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How to Buy Gold: A Guide for Beginners

The three primary ways to invest in gold are to buy physical gold bullion, gold futures, or gold stocks and ETFs. While gold can be a hedge against inflation, keep in mind that it doesn't generate interest, and timing the market can be difficult.

Perhaps you’ve seen those WE BUY GOLD billboards along the side of highways. Or the South Park episode making fun of those places.



Either way, you’re probably wondering if there’s an air of legitimacy to buying and storing gold as an investment — and how to do it properly.

I’m here to tell you there definitely is, and buying physical gold bullion is just one of the three main ways to invest and profit from the rise in gold prices.

So let’s explore all three, the pros and cons of each, and discuss whether you should invest in gold in the first place.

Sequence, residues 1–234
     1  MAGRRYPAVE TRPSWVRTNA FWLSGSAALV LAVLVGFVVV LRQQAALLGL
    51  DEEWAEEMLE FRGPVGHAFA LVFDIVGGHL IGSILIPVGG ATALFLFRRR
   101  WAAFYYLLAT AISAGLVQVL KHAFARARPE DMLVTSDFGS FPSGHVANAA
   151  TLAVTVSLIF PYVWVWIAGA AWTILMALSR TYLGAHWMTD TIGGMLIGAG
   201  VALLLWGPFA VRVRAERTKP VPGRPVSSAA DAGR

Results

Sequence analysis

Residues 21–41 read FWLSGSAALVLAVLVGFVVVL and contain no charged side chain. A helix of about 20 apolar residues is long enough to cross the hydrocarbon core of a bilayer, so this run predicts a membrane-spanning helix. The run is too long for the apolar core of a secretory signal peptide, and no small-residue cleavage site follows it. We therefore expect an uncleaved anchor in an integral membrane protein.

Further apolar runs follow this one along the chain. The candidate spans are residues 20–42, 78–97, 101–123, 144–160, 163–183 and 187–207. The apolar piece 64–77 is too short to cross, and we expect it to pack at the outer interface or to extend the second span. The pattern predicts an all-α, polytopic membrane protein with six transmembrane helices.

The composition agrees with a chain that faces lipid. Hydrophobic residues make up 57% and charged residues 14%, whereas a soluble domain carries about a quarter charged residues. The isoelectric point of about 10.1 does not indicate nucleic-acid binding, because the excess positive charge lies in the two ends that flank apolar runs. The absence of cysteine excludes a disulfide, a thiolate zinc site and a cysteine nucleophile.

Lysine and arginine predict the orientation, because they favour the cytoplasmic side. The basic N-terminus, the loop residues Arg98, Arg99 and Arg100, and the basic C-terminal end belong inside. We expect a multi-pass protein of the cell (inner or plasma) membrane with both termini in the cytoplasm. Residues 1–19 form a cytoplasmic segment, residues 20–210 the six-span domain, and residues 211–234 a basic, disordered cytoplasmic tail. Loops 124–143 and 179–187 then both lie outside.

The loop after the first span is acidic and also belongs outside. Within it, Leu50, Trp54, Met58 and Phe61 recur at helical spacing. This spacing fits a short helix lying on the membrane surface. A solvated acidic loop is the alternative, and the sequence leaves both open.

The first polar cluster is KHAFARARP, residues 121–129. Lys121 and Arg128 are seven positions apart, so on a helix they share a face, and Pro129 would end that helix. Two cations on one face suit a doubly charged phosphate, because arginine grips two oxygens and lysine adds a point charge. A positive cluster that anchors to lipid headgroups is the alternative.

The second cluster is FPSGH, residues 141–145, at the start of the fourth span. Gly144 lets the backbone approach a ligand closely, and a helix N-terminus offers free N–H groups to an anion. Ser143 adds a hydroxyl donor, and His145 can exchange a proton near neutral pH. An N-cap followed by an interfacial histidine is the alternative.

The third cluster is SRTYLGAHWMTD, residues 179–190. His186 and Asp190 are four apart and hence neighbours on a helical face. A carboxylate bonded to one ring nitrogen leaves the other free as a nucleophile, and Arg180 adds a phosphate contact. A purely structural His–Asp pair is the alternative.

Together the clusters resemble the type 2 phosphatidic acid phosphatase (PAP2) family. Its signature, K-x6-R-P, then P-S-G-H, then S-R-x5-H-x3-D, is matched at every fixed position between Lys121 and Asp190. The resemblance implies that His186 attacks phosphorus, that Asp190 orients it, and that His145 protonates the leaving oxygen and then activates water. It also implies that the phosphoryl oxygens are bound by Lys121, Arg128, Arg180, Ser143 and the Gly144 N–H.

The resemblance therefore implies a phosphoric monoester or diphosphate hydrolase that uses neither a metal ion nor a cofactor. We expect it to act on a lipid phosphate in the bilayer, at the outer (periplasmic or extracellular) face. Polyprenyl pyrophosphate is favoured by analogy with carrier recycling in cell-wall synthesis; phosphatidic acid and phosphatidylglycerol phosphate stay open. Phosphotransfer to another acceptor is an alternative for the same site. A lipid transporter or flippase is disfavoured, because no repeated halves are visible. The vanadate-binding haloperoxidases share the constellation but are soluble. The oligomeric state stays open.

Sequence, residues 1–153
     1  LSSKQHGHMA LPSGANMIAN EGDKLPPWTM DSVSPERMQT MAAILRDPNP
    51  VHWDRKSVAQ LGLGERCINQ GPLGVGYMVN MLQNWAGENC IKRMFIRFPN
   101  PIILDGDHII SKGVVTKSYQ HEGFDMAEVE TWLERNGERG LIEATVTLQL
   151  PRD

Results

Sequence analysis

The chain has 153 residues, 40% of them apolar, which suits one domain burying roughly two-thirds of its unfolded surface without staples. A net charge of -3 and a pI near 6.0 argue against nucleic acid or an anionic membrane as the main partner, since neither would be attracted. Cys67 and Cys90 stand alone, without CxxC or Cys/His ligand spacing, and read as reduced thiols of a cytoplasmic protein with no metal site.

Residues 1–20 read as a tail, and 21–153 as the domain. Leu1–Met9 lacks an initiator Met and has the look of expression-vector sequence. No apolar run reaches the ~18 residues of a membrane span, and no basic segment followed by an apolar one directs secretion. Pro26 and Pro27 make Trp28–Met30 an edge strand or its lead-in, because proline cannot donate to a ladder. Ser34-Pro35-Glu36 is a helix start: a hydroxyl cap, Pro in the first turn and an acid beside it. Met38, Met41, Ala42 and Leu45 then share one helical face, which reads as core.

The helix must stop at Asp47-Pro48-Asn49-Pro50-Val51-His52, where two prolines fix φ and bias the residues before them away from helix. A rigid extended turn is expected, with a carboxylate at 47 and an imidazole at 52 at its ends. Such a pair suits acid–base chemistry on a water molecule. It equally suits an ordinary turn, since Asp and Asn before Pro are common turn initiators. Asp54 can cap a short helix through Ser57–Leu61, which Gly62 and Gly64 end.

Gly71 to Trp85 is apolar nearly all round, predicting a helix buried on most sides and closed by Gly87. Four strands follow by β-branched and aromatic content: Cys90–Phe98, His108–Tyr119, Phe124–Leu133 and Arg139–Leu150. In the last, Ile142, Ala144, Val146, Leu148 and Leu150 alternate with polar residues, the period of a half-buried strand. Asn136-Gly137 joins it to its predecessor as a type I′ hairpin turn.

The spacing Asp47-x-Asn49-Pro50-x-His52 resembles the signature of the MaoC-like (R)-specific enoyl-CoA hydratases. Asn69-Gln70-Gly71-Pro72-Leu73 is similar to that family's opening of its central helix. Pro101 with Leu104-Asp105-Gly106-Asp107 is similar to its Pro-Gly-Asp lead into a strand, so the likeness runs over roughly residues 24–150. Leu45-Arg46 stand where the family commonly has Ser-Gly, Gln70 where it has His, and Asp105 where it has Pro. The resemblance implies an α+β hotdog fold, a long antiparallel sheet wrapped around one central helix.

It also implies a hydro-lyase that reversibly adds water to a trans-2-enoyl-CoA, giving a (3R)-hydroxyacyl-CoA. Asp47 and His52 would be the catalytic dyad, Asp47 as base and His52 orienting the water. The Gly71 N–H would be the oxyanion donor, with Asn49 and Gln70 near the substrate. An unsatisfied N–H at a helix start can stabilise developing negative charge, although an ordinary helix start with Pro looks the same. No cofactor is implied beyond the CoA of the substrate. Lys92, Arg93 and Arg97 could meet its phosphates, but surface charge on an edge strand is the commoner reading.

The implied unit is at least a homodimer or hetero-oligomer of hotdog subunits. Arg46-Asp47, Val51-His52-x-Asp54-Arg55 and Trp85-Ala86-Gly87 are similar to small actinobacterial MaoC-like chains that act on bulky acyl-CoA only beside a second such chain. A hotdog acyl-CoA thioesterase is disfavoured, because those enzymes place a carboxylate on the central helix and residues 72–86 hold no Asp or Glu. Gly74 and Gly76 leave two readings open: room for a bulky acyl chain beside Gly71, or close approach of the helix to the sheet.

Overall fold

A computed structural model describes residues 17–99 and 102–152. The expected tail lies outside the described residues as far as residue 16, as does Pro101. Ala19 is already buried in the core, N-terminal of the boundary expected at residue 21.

Gold Bullion


First up is gold bullion. You know, literal gold. The stuff Goldmember and Scrooge McDuck loved to bathe in, back when shameless billionaires were still funny.

Anyway, the term “bullion” refers to precious metal that’s melted into bars, ingots, or coins. Basically, bullion is the fungible, transferable, “currency” form of a precious metal, with its weight etched into the metal itself.

And, according to Gold Bars Worldwide, gold bullion has to be 99.5% pure to be considered a true investment — meaning anything shy of that might be hard to sell back to the market, so be careful not to buy any “fool’s gold.”

Bars, ingots, and coins of 99.5% purity are considered bullion. Jewelry is not.



About the author


Chris Butsch

Chris helps people build better lives through financial literacy. He has contributed to USA TODAY, Forbes and has worked as a senior contributor here on Money Under 30. He has covered topics such as taxes, credit card, investing, retirement, and more with a focus on helping Gen Z master personal finance.

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